The House and Senate Green New Deal Resolutions have provoked much contention and debate. The debates are heated, some see the Deal as a limit to economic growth - impossible to accomplish, while others have viewed it as a force for change for our economy and environment. The recent focus on the current Green New Deal offers an opportunity for dialogue. All sides can share and determine what is possible and feasible. The hype and rhetoric can be separated from what is achievable. A willingness to be open-minded and make the effort to understand the GND makes sense. Each of our speakers will bring their specific expertise on the issues of labor relations, job creation or destruction, the significance of inequality in driving climate change, state and local economic outcomes as well as economic and social justice outcomes. Let's start this conversation.
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Eric Roston, Moderator, is Sustainability Editor of Bloomberg News and writes frequently about climate science and policy. An author and public speaker, he spearheaded some of Bloomberg News's most high-profile climate-related graphics of recent years. Follow him on Bloomberg.com and on Twitter at @eroston.
Dr. Todd E. Vachon is a faculty member in the School of Management and Labor Relations at Rutgers University. Todd’s research agenda is a theoretically and empirically driven effort to understand the structural origins and consequences of inequality and the struggles of ordinary people to achieve greater equality and dignity through education, organizations, and movements. To this end, he has published widely on social stratification, labor market regulations, social movements, and the intersection of work and environmental issues. Todd is currently completing a book manuscript about the emerging labor-climate movement within the U.S. labor movement that is promoting a just transition away from dependence on fossil fuels toward green energy solutions to the climate crisis.
Dan Sosland is president and CEO of Acadia Center, a non-profit research and advocacy organization working at the state and regional levels to advance the clean energy future and implement policy solutions to the climate crisis. Acadia Center utilizes a research-oriented approach that incorporates consumer, health, equity and economic benefits to attract diverse stakeholder support. Acadia Center’s work has led to over $1 billion in annual funding in energy efficiency in key states; advanced carbon market policy, where Acadia Center plays a leading role in the Regional Greenhouse Gas Initiative (RGGI) and in transportation climate policy; and reducing diesel emissions, where Acadia Center work led to the retrofitting of all diesel school buses in Massachusetts. Acadia Center has been featured as a top charity in the U.S. by national publications and received the ACEEE Champion of Efficiency Award and US EPA Environmental Leadership Award. Dan serves on the board of directors of U.S. Climate Action Network and Northeast Clean Energy Council.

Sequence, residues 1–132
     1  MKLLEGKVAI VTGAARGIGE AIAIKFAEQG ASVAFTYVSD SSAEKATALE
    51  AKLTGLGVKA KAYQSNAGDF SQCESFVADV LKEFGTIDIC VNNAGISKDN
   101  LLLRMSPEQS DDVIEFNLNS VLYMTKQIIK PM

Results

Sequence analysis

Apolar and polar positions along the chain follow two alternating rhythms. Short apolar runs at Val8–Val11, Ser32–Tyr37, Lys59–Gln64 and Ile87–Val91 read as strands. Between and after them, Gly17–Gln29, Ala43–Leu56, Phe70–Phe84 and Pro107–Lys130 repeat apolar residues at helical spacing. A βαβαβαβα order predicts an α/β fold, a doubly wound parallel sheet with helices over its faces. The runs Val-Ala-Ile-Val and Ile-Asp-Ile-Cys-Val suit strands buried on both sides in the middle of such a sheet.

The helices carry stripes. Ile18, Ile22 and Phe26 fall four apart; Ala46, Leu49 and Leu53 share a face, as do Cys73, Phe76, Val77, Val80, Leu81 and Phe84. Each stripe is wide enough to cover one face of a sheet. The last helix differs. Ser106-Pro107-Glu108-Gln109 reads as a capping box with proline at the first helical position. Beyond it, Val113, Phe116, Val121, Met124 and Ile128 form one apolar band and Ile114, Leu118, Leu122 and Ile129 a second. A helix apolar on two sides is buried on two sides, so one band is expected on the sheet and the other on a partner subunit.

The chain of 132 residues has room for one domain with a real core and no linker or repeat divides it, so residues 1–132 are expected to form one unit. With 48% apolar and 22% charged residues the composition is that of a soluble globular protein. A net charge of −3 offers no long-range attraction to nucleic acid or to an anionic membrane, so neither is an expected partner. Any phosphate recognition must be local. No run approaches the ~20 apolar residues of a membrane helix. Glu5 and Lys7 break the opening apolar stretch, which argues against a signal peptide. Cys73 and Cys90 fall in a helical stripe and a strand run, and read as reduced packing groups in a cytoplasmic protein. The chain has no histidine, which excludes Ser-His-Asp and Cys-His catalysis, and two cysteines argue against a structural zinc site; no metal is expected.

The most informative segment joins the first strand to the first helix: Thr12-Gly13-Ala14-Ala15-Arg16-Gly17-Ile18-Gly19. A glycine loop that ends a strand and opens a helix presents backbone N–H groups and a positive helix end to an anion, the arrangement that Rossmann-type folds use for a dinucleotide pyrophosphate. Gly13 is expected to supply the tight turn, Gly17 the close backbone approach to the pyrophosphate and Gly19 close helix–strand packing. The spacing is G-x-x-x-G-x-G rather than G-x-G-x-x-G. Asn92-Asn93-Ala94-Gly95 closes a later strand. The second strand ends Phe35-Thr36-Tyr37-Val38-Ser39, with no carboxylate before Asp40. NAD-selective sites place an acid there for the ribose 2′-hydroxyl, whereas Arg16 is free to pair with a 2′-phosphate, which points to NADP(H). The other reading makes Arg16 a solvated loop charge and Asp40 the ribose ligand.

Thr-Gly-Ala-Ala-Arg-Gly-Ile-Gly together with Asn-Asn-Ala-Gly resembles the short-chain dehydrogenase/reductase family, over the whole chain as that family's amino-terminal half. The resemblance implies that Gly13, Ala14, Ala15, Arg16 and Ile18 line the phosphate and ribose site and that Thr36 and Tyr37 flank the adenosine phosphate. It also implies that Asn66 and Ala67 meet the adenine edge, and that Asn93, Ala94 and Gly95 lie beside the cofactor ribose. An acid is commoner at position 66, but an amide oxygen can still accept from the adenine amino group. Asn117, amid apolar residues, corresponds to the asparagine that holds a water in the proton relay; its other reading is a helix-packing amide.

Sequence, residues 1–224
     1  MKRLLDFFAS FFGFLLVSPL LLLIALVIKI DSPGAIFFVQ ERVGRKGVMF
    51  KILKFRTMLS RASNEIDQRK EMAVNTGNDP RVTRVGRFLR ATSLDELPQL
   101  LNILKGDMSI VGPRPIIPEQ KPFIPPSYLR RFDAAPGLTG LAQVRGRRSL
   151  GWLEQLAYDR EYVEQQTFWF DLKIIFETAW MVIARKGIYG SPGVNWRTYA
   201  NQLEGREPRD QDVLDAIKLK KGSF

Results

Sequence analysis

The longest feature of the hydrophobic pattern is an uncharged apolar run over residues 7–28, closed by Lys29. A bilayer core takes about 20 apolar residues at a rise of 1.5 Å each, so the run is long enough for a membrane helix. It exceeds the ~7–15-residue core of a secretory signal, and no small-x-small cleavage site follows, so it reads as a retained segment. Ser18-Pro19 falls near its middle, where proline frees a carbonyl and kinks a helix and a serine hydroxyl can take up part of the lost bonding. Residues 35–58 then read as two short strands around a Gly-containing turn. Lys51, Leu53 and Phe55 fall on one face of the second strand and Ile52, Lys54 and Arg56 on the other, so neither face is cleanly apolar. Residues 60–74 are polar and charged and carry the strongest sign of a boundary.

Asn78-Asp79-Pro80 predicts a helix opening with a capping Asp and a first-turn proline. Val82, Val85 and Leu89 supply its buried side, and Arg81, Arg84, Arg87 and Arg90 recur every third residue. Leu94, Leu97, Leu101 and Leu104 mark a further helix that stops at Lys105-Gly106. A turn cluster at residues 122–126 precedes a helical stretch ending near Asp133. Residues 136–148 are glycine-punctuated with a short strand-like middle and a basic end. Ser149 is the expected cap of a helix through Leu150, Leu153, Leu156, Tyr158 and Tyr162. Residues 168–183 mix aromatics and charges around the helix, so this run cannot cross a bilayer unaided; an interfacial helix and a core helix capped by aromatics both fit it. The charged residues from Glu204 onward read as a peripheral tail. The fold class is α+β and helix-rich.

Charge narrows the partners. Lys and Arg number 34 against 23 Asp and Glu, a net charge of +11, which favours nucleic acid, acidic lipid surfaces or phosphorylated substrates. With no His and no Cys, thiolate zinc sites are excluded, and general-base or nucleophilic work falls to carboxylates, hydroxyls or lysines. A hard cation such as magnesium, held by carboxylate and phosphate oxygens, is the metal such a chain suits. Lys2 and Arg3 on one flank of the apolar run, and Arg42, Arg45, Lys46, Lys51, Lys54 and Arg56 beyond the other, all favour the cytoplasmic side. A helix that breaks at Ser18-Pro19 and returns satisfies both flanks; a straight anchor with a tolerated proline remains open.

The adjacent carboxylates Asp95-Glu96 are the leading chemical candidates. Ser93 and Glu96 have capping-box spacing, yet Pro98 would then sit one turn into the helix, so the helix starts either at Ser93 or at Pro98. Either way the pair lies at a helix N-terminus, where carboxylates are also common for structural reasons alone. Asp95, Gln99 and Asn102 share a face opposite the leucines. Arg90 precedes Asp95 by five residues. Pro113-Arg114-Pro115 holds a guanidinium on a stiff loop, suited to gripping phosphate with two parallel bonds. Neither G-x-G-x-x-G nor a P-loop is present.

Dr. Rachael Shwom is an associate professor in the School of Environmental and Biological Science’s Department of Human Ecology. Her work links sociology, psychology, engineering, economics, and public policy to investigate how social and political factors influence society’s responses to energy and climate problems. Dr. Shwom, who became Associate Director of the Rutgers Energy Institute (REI) in July 2017, has published on public opinion on climate change, non-profits decisions to partner with business to address energy issues, household energy consumption, long term risk governance, and risk communication.
Dr. Eban Goodstein directs Graduate Programs in Sustainability at Bard College in Annandale-on-Hudson, NY. Goodstein is the author of three books: Economics and the Environment, (John Wiley and Sons: 2017) now in its eighth edition; Fighting for Love in the Century of Extinction: How Passion and Politics Can Stop Global Warming (University Press of New England: 2007); and The Trade-off Myth: Fact and Fiction about Jobs and the Environment (Island Press: 1999). He serves on the editorial board of Sustainability: The Journal of Record. In recent years, Goodstein coordinated a series of national educational events around climate change, engaging over 2,500 colleges, universities, and K-12 schools in the solutions-based dialog. At Bard, he also directs C2C Fellows, a network of undergraduates and recent graduates who aspire to sustainability leadership in business, NGOs and government.
When: June 6th, 2019. 7:30 pm to 9:00 pm
Where: Fairleigh Dickinson University, Dickinson Hall/Wilson Auditorium,
140 University Plaza Drive, Hackensack, NJ 07601
Free and Open to the Public. Walk-Ins Welcome.
Suggested Donation is $10. Donations are tax deductible.